Monthly Archives: February 2013

Post the Second 2 or A poem for New Orleans

The city

Is touched by

Madness

The cracks in

The sidewalk

Filled with memories

and ghosts

Walk through the

night

Looking  for home

This used to be

Swampland

She said

Teeming with muddy

Water

and the sediment

of centuries

A sacred place

Where the rains

Of the four corners

would mix

Bringing tidings

Of great things

In land

Far away

How do you mourn

That which

is no longer felt

no longer known

How do you remember

Something

that was never forgotten?

Now the land is

rotten

she said

Buried under layers

of oil and concrete

levees and canals

What once was a home

to many

Is now a barren place

Filled with the miasma

of self-hatred and

Willful neglect

How do you imagine

Something that is real

Manifest something

That can never be

Make love to something

That was never there?

The marrow of this place

She said

has been sucked dry

desicated remains litter

the ground

white shapes savagely

drain

Art Culture Experience

for their sustenance

trying to stave off

the Yawing jaws of emptiness

I must have more

They say

More More More

and their appetites are never

sated

Despite this

She said

We survive

In the cracks of

The sidewalk

Growing up out

of destruction

In the notes that leap

from the Jazz bands

Brass

In the homes

we rebuild and the seasons

we weather

We survive

She said

Because we must

There is no other option

the ancestors that we

Remember impel us

Forward

To claim what is ours

I see now

Where the road

Turns

and resistance exists

even if it is not

known

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Post the One Hundredth or On Radical Compassion

This is for the anon who asked what radical compassion means. For me, the common understanding of compassion is that we sympathize with those who are suffering and seek to ameliorate their suffering. Because of their suffering, they are deserving of our pity. We feel bad of them and so we do what we can to help. And while this is all well and good,  there is a very shallow understanding of the root of suffering or why people suffer. Put in another way, regular compassion just seeks to make someone feel better. It is a Pollyanna, “lets all just get along”, “you poor thing here is a cookie” response to suffering. It is individualistic and fails to see the bigger picture. It sees suffering as an unfortunate occurrence that exists in a vacuum that lacks context. Regular compassion is silent on why people suffer.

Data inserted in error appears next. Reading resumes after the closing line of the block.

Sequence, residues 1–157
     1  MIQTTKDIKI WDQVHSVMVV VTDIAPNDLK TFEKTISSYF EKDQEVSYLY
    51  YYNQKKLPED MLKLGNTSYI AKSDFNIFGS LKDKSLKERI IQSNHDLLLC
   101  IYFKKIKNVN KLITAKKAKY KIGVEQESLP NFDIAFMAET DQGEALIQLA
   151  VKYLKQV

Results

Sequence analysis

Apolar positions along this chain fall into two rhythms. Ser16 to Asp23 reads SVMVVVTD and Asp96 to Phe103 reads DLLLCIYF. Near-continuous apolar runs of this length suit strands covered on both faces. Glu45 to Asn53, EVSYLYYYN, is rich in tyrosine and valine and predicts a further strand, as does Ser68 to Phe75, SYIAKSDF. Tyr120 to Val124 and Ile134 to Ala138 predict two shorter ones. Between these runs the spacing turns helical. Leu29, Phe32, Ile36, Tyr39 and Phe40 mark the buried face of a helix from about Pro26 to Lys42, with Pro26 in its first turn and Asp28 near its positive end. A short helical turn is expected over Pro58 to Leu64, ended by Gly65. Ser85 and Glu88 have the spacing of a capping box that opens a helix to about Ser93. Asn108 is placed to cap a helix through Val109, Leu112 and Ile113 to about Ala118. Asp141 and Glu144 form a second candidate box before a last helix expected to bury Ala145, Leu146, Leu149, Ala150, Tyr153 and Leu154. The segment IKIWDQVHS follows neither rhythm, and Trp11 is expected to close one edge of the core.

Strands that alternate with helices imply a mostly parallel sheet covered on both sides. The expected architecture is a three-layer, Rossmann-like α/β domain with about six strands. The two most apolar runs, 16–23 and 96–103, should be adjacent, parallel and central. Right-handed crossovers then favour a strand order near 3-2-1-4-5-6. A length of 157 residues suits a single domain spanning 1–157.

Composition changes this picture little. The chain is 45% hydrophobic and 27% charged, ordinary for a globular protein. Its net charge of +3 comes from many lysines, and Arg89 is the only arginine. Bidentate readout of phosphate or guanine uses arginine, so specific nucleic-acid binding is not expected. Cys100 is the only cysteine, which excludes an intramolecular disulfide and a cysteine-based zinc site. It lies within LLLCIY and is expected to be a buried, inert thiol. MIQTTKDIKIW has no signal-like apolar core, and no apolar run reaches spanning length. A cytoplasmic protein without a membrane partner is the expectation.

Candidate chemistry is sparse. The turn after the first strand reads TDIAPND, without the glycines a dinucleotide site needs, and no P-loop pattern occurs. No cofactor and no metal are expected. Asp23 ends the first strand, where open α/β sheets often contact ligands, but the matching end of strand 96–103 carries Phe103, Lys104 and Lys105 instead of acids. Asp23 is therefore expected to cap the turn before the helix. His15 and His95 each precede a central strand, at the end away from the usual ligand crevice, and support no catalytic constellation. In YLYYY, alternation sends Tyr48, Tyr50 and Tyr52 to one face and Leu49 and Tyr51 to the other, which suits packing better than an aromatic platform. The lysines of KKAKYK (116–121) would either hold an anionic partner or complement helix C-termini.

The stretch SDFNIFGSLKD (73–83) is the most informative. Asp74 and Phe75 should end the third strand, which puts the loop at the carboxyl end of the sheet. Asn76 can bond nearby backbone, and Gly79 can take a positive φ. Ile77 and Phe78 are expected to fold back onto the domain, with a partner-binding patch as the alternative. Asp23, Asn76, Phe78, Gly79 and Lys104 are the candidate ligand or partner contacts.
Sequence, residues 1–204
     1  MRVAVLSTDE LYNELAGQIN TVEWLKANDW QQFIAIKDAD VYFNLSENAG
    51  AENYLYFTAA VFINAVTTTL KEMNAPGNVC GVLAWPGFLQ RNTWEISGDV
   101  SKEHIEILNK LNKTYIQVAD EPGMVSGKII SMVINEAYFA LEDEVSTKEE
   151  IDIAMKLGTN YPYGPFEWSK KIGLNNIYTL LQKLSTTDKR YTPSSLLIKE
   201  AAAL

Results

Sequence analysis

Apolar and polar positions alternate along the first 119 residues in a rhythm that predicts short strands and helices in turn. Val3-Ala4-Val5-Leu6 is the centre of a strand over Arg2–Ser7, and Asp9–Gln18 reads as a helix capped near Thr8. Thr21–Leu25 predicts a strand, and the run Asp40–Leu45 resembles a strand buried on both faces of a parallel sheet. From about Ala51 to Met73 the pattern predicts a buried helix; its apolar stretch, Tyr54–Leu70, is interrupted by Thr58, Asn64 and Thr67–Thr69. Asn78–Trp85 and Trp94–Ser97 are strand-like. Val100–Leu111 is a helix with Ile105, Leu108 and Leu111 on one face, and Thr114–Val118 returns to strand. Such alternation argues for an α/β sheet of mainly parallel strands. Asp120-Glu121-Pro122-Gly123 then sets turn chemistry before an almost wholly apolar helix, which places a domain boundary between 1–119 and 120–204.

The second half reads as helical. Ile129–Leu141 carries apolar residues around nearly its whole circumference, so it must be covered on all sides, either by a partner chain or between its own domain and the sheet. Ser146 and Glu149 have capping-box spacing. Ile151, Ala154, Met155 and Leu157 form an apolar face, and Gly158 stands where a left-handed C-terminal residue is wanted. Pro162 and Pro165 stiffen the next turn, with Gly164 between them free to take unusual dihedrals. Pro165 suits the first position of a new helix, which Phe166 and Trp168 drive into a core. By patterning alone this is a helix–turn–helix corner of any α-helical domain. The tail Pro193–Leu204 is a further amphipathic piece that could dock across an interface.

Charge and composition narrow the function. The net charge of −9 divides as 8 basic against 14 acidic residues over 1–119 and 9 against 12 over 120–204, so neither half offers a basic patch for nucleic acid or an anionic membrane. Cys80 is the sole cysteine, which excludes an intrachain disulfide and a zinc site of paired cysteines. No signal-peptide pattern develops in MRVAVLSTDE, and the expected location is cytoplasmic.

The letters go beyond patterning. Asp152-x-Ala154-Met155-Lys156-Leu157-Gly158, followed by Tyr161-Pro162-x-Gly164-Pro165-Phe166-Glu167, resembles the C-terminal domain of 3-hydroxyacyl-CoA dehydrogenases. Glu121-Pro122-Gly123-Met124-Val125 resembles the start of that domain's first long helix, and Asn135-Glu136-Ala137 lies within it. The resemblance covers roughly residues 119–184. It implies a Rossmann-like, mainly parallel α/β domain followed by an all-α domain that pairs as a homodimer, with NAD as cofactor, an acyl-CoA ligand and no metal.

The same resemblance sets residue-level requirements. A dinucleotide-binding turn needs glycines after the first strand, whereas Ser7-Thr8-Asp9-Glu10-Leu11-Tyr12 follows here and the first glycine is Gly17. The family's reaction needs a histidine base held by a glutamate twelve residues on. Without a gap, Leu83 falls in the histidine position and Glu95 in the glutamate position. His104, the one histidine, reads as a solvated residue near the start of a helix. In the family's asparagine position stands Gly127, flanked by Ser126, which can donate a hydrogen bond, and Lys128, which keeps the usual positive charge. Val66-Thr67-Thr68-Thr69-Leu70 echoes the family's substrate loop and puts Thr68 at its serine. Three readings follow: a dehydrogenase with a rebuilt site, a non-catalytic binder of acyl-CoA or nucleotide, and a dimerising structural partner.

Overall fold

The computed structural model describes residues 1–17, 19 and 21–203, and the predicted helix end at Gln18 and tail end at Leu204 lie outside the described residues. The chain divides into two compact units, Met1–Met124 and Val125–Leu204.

And those who experience suffering have access to this type of compassion only if they behave in appropriate ways. In other words, you only get compassion if you play nice and don’t make anyone uncomfortable.

Radical compassion, on the other hand, stands in solidarity with those who are suffering. It examines the interpersonal, systemic, institutional and structural reasons for suffering. It seeks to locate the individual sufferer within the greater social context. It understands that suffering is systemic and that those under more axises of oppression generally suffer more. Radical compassion seeks to challenge these causes of suffering and allows the sufferer the freedom to react and engage with their suffering in anyway that they see fit. In other words, those who are suffering are allowed to rage and scream and be angry and still receive compassion. Radical compassion does not pity the sufferer. Rather, it seeks to fight with the sufferer to end suffering.

Radical compassion seeks to end suffering on a systemic level. Regular compassion just seeks to help out the individual sufferer. And that is ok, as far as it goes. But I don’t think it goes far enough.

Another way to describe radical compassion is by saying that it is fiercely gentle. It has your back and understands where you are coming from and seek justice with you.